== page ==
Figure 5
figure5

Simulated spectral power density of (a) NBPM biphotons in backward-wave PDC with Λ = 2.112 μm, D = 0.5, σL = 450 nm, (b) NBPM biphotons in backward-wave PDC with Λ = 2.132 μm, D = 0.5, σL = 600 nm, (c) NBPM biphotons in backward-wave PDC with an ideal sinc2 function broaden by finite spectral resolution of 1 nm and (d) QPM biphotons in forward-wave PDC with Λ = 8.9 μm, D = 0.6, σL = 900 nm (red) and without poling errors (black). The inset shows the spectral power density of the NBPM biphotons.

In summary, this work reports a first study of PDC subject to nonideal and random periodically-poled structures in the generating crystal. The observations of QPM biphotons with a reduced strength and NBPM biphotons with a spectrum dependent on the nonidealities and randomness are both confirmed by our theory, which considers PDC with nonideal duty cycle and random domain lengths. Our study suggests that high quality of periodic poling is necessary to realize backward-wave PDC with high generation efficiency and to avoid “unwanted” parametric processes in PPRKTP. Although this work focuses on backward-wave PDC, the theory presented here can also be applied to study other PDC processes with nonideal duty cycle and random domain lengths. For example, we consider the forward-wave PDC of first-order and type-II QPM. Such parametric process has been used to generate polarization-entangled photons6. In Fig. 5(d), we show the simulated spectrum of QPM biphotons (red curve) subject to realistic poling errors13. The peak spectral power density is reduced by about 20% compared to the ideal case (black curve). The poling errors also lead to the emergence of NBPM biphotons (inset) with a peak spectral power density about 10% of that of QPM biphotons. To the extent that the duty cycle and the standard deviation of domain lengths can be controlled, one may be able to manipulate the biphoton spectrum via nonideal or random QPM. Compared to an ideal structure, random periodically-poled structures can allow efficient frequency conversion over a wide bandwidth without the need of stringent phase-matching condition18,19,20. Our work thus provides insights into the interplay between the PDC and nonideal or random QPM, as well as new perspectives for manipulating biphotons.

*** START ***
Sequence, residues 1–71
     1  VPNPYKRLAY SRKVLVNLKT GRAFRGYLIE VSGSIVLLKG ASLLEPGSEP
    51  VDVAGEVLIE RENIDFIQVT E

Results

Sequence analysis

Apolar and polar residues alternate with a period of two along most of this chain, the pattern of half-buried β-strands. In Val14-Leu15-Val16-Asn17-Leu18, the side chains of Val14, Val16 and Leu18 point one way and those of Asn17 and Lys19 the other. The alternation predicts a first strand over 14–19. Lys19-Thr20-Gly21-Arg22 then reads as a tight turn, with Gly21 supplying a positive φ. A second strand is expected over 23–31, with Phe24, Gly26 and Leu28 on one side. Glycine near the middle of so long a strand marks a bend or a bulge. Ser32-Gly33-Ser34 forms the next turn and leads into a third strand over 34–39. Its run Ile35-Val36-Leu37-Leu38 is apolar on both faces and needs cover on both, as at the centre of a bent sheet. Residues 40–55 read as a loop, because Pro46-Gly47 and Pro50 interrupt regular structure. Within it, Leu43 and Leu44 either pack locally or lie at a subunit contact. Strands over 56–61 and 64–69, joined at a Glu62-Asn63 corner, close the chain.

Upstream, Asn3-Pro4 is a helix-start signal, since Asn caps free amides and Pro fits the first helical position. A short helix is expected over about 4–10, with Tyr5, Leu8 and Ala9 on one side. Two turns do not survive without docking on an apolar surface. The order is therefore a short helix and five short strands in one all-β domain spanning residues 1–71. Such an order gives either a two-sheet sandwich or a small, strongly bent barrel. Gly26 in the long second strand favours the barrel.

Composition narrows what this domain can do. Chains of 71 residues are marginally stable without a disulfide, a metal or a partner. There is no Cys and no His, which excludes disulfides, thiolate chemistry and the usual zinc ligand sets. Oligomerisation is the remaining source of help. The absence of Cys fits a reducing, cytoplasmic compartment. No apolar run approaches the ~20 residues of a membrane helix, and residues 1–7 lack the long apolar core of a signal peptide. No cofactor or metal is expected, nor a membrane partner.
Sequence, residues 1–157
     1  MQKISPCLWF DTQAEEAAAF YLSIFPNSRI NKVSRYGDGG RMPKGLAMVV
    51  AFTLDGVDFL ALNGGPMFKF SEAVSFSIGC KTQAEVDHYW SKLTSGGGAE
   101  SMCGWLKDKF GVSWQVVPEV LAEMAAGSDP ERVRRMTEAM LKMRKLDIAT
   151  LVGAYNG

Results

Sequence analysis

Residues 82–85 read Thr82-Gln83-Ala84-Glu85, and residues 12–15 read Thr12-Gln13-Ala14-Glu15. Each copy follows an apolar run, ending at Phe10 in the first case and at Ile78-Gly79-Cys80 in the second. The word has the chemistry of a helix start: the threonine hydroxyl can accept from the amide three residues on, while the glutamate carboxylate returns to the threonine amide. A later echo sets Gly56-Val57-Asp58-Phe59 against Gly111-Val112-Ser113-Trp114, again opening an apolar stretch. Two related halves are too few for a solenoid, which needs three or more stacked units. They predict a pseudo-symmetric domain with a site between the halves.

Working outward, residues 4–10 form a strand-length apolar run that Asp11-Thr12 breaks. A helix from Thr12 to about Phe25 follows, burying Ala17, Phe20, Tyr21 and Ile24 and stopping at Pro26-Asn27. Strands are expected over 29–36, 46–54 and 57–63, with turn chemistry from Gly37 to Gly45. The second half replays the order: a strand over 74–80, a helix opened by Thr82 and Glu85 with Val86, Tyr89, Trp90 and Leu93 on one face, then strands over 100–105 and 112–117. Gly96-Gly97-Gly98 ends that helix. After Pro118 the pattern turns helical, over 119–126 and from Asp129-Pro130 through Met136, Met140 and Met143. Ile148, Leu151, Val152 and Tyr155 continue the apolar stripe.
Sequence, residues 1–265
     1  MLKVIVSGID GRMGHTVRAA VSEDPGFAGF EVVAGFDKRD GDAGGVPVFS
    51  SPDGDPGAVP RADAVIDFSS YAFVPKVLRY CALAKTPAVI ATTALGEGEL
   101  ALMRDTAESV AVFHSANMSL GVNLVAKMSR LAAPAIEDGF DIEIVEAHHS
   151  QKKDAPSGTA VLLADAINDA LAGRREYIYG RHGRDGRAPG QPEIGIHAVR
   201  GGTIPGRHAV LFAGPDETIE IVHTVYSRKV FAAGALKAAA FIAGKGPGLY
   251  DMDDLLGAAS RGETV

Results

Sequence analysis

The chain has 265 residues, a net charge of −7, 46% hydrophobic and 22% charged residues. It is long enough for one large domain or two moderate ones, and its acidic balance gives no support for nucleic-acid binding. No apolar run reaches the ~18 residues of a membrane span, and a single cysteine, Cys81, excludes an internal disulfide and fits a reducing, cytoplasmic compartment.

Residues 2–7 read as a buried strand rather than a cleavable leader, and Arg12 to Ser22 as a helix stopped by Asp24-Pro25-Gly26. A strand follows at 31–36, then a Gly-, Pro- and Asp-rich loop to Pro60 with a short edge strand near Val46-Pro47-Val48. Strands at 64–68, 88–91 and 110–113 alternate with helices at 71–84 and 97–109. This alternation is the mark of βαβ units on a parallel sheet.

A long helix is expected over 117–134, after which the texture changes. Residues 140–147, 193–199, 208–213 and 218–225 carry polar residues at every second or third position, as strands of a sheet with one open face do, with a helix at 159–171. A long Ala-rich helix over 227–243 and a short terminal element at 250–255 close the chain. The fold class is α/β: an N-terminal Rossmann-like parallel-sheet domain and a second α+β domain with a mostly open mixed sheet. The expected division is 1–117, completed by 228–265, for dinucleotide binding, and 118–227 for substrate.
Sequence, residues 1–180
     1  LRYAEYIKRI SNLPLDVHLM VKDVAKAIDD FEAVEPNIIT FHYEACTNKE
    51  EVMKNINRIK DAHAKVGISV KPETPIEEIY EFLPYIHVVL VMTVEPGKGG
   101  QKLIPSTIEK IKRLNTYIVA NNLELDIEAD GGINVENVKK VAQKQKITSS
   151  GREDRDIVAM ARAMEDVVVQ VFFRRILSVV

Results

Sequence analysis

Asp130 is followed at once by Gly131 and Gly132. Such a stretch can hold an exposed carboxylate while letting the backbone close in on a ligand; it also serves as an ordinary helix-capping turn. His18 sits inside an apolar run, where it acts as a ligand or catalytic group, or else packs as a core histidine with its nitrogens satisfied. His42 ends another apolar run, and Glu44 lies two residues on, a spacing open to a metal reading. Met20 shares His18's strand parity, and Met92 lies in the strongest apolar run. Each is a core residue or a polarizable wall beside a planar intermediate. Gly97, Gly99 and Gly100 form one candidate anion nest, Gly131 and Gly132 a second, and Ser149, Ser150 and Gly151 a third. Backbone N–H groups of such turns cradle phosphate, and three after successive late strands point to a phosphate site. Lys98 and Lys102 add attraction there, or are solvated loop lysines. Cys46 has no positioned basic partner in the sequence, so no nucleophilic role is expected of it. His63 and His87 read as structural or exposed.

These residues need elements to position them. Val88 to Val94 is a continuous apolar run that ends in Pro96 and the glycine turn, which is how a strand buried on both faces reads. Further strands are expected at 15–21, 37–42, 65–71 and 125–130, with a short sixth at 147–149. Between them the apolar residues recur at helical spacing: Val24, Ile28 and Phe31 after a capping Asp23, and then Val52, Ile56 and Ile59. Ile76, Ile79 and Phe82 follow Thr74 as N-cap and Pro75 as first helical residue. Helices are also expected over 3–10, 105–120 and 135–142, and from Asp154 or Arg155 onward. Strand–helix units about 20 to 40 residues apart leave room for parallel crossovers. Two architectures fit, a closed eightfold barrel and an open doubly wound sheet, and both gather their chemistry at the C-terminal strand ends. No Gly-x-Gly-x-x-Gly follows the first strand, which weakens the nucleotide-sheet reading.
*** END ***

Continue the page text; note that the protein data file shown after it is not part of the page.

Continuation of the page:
Additional Information

How to cite this article: Yang, C.-Y. et al. Parametric down-conversion with nonideal and random quasi-phase-matching. Sci. Rep. 6, 26079; doi: 10.1038/srep26079 (2016).

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Acknowledgements

This work was supported by the Taiwan Ministry of Science and Technology. We acknowledge experimental assistance from C.-C. Lin, C.-Y. Wang and C.-Y. Cheng.

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C.-Y.Y., C.Lin and C.-S.C conceived the experiment, C.Liljestrand and C.C. fabricated the QPM devices, C.-Y.Y., C.Lin and W.-M.S. conducted the experiment, C.-Y.Y., C.Liljestrand, W.-M.S. and C.-S.C. analyzed the results. All authors reviewed the manuscript.

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Yang, CY., Lin, C., Liljestrand, C. et al. Parametric down-conversion with nonideal and random quasi-phase-matching. Sci Rep 6, 26079 (2016). https://doi.org/10.1038/srep26079